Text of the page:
By VICTOR E. SASSON
The Record's first edition of the new year offers lots of stale old news.
Editor Marty Gottlieb leads the paper with yet another story about The Traffic Jam That Ate Fort Lee after Governor Christie's flunkies at the Port Authority closed access lanes to the George Washington Bridge (A-1).
And there is yet another column from Staff Writer Charles Stile scrutinizing the impact of Christie's every action or inaction, every bite of food and every bowel movement on his White House aspirations (A-1).
Gottlieb sent a photographer to Times Square for the routine New Year's Eve image, but he couldn't find anyone from New Jersey in the crowd (A-1).
On A-4, a man from North Carolina -- not the Garden State -- is shown with a story about the Affordable Care Act.
Laughing out loud
On the Editorial Page, readers get their first belly laughs of the year from the Woodland Park daily's "editorial credo," which runs every Jan. 1.
The credo is signed by Malcolm A. "Mac" Borg, the chairman of North Jersey Media Group, and son Stephen A. Borg, the president and publisher, who pushed his father aside several years ago; Editor Martin Gottlieb and Editorial Page Editor Alfred P. Doblin.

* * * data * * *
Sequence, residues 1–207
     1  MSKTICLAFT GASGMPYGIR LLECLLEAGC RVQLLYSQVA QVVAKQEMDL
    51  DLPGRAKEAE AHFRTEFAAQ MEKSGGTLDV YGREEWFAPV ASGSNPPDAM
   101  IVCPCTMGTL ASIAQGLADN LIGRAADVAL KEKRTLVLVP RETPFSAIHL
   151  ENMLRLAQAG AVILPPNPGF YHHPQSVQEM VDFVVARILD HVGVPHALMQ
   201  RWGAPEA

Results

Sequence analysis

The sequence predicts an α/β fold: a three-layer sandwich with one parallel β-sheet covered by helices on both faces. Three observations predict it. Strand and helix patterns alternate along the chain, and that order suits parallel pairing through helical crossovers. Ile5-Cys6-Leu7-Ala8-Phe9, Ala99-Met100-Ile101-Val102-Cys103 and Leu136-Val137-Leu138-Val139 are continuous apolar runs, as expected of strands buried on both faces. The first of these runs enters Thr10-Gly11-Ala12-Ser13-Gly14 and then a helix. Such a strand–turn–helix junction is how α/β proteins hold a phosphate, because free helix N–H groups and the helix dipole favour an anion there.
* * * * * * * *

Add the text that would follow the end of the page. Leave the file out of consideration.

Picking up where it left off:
In the first paragraph, they renew their pledge to support policies on the Editorial Page that will improve life "in our region," not to mention the lives of the Borgs and their wealthy friends.
Ads dictate news
They also claim the newspaper's "cash register will not dictate the content of its news articles," despite volumes of evidence to the contrary that the editors lavish coverage on large mall retailers and stiff Main Street merchants.
At least the Borgs acknowledge they guide the paper's "editorial policy," though they don't acknowledge steering news coverage to their rich friends, including real estate mogul Jon F. Hanson.
First dump of year
Road Warrior John Cichowski long ago ran out of his own ideas and opinions -- as well as any responsibility to report accurately on commuting issues.
So, it's no surprise he starts the new year pedaling more complaints from every crackpot driver who sends him an e-mail in hopes of seeing their names in print (L-1).
The Addled Commuter just doesn't understand that a long overdue expansion of mass transit -- not wider roads -- is the only viable solution to increasing traffic congestion.